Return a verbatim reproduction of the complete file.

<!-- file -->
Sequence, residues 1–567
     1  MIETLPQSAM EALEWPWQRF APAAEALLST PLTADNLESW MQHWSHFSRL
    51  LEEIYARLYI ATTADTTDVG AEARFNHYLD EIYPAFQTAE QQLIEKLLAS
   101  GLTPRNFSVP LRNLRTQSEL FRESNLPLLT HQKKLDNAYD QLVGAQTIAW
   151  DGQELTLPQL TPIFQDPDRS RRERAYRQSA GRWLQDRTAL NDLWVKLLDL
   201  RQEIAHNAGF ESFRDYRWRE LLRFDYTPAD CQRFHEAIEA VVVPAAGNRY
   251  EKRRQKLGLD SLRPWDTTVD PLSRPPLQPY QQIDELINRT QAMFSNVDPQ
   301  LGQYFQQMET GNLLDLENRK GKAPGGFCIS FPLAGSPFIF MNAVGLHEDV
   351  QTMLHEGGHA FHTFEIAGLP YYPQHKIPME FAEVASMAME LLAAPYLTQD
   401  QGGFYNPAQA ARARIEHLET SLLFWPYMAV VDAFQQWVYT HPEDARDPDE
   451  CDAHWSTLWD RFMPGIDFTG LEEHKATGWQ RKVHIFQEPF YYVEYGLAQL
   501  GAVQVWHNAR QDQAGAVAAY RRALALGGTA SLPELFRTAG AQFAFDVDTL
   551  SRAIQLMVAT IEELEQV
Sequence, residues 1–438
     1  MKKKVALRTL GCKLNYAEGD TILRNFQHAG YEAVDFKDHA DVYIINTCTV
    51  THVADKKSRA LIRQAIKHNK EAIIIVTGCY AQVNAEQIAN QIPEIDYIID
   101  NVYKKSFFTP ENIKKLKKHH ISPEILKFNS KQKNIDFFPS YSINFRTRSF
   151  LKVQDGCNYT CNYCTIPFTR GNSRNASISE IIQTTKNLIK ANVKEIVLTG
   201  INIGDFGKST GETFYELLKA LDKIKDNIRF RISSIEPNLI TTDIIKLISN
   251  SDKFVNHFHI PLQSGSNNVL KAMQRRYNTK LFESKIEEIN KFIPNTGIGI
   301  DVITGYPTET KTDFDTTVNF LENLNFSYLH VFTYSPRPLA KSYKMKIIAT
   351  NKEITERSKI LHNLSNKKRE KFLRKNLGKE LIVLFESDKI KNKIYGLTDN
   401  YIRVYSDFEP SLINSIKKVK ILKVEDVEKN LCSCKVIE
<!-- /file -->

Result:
Sequence, residues 1–567
     1  MIETLPQSAM EALEWPWQRF APAAEALLST PLTADNLESW MQHWSHFSRL
    51  LEEIYARLYI ATTADTTDVG AEARFNHYLD EIYPAFQTAE QQLIEKLLAS
   101  GLTPRNFSVP LRNLRTQSEL FRESNLPLLT HQKKLDNAYD QLVGAQTIAW
   151  DGQELTLPQL TPIFQDPDRS RRERAYRQSA GRWLQDRTAL NDLWVKLLDL
   201  RQEIAHNAGF ESFRDYRWRE LLRFDYTPAD CQRFHEAIEA VVVPAAGNRY
   251  EKRRQKLGLD SLRPWDTTVD PLSRPPLQPY QQIDELINRT QAMFSNVDPQ
   301  LGQYFQQMET GNLLDLENRK GKAPGGFCIS FPLAGSPFIF MNAVGLHEDV
   351  QTMLHEGGHA FHTFEIAGLP YYPQHKIPME FAEVASMAME LLAAPYLTQD
   401  QGGFYNPAQA ARARIEHLET SLLFWPYMAV VDAFQQWVYT HPEDARDPDE
   451  CDAHWSTLWD RFMPGIDFTG LEEHKATGWQ RKVHIFQEPF YYVEYGLAQL
   501  GAVQVWHNAR QDQAGAVAAY RRALALGGTA SLPELFRTAG AQFAFDVDTL
   551  SRAIQLMVAT IEELEQV
Sequence, residues 1–438
     1  MKKKVALRTL GCKLNYAEGD TILRNFQHAG YEAVDFKDHA DVYIINTCTV
    51  THVADKKSRA LIRQAIKHNK EAIIIVTGCY AQVNAEQIAN QIPEIDYIID
   101  NVYKKSFFTP ENIKKLKKHH ISPEILKFNS KQKNIDFFPS YSINFRTRSF
   151  LKVQDGCNYT CNYCTIPFTR GNSRNASISE IIQTTKNLIK ANVKEIVLTG
   201  INIGDFGKST GETFYELLKA LDKIKDNIRF RISSIEPNLI TTDIIKLISN
   251  SDKFVNHFHI PLQSGSNNVL KAMQRRYNTK LFESKIEEIN KFIPNTGIGI
   301  DVITGYPTET KTDFDTTVNF LENLNFSYLH VFTYSPRPLA KSYKMKIIAT
   351  NKEITERSKI LHNLSNKKRE KFLRKNLGKE LIVLFESDKI KNKIYGLTDN
   401  YIRVYSDFEP SLINSIKKVK ILKVEDVEKN LCSCKVIE